Archives for the month of: June, 2014

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DIA150mm, Hong Kong

The jade pendent of this necklace is in the form of a double phoenix pattern.  The phoenix is a mythical bird, symbolizing world peace.  The female phoenix is called feng (鳳); in the oracle bone script the word also mean the wind (風).  The male phoenix is huang (凰), meaning the emperor the supreme being.

Something Old Something New
Collectible Jewellery Collection

clay toy

W50xD20xH80mm, China

Clay toys, like Disney toy, often take the form of a famous character, be it from a movie or an opera.  This figurine is Hu San Niang, one of the three female warriors on Mount Liang in the novel “Water Margin”.  Hu was the daughter of  a powerful family, not only is she beautiful she is also well trained in military.  After many victories for the family she was captured by the warriors of Mount Liang (108 outlaws that do good for the people) and soon she joined in and became the 59th warrior.

fuW45xH50mm, China

A pendant of the word “Fu” – good fortune.

The Buddhists believe that good fortune is under one’s control.  For a person at lost, good fortune is far from one’s life, there is only suffering.  These sufferings comes from  ignorance, attachment, and aversion; to get rid of suffering, one would need to eliminate desire and greed, by doing so one will be arrived to good fortune.

figurineW140xD100xH320mm, China

This is a figurine of Bei Di, who is the Prince of  Shang dynasty.  In a dream, the Queen swallowed the sun and felt pregnant after 14 months Bei Di was born.  Though being the heir of the kingdom, he was more interested in meditation than in the power he was born into.  Finally, he left his parents and went to Wu Dung to study Taoism.  After 42 years, he was sainted by the Jade Emperor.  It is also believed that he is the 82 reincarnation of the Tai Shang Lao Jun.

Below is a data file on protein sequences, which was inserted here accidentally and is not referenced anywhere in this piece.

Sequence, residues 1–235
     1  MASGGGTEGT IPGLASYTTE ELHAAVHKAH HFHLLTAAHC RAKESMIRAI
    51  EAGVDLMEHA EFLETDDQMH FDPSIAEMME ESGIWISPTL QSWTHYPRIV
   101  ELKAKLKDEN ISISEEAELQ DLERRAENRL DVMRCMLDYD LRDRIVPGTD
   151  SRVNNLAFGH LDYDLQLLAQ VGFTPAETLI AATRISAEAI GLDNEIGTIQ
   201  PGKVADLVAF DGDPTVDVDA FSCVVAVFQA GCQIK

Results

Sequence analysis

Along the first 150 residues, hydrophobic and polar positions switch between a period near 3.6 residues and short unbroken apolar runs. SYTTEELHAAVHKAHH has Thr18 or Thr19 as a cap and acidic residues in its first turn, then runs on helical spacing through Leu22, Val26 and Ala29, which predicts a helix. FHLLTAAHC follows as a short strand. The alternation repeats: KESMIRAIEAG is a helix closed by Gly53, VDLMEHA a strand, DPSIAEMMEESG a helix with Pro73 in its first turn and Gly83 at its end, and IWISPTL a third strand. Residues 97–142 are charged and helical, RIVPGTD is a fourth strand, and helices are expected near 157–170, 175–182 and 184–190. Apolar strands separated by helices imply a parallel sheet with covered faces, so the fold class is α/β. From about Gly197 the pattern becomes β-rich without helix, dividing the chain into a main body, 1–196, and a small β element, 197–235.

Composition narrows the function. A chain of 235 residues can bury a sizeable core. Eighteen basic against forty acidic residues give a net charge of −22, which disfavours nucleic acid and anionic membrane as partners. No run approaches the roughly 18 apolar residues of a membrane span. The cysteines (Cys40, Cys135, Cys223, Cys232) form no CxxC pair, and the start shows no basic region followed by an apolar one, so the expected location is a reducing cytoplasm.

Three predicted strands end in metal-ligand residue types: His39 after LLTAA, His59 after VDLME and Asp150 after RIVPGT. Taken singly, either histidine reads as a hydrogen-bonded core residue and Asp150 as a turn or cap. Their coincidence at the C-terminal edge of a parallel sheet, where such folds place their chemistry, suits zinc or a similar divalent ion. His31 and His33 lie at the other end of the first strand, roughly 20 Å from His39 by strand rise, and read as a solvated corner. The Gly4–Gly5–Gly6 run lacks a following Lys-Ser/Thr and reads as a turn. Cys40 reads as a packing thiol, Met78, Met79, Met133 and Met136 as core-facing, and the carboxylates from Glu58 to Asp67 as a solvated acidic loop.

There are several Bei Di temples in Hong Kong which is well worth visiting.
There is one in Wanchai, Sham Shui Po and Cheung Chau.

figurine

figurine
W85xD70xH200mm, Hong Kong

This is an effigy of a elder female ancestor of the Tanka tribe.  These ancestor figurines were kept at the boats of the Tanka fisherman offering them safety at sea.

Click here to see our other junk boat gods.

chilliDIA250mm, Hong Kong

Inspired by the Berber jewellery, this necklace has an assorted collection of Chinese ornaments.  Some old and original pieces such as the “happy encounter” twins are part of the ingredients for this new composition.

chilli

Something Old Something New
Collectible Jewellery Collection

gold beads

DIA160mm, Hong Kong

This Thursday’s causal wear accessory is a glass bead necklace.
Dont they look like those traditional fruit candy drops that is lightly coated with glucose and came in a tin?

Something Old Something New
Collectible Jewellery Collection

japanese printW160xH220mm, Japan

This Ukiyo-e print two kōshi-jōro (high ranking courtesan) contemplating on a writing a letter.
Would it be a letter to home, a lover or a desirable client?

The movie Sukuran describes life inside Yoshiwara as a courtesan, the rivalry, survival and love.

potDIA230xH250mm, China

An old wine jar, one that would have been use at home, with the wine taken out from a ladle.

I particularly like the glazing on this jar, there seems to be a metallic gloss that is similar to the shine of a car’s body and of course the beige brush stroke on the lip of the jar.  Both of these seems to enhance on the texture of the wine.

teapot

W140xD70xH120mm, China

A Yi Xing teapot made in the form of a traditional hessian sack.  When I was a child,  the hessian sack was the equivalent of the popular red white blue nylon bag.  They were used to hold anything from rice grain to jumping sack game.  Most memorable of all, is a sack that was supposedly kept at the roof top.  As a discipline measure, us kids were told that if we were to misbehave, we will be brought to the roof top, put in a sack and lock up in the store room.  None of us were naughty enough to have seen the back but to this day its still a horrible thought.  That’s the power of imagination.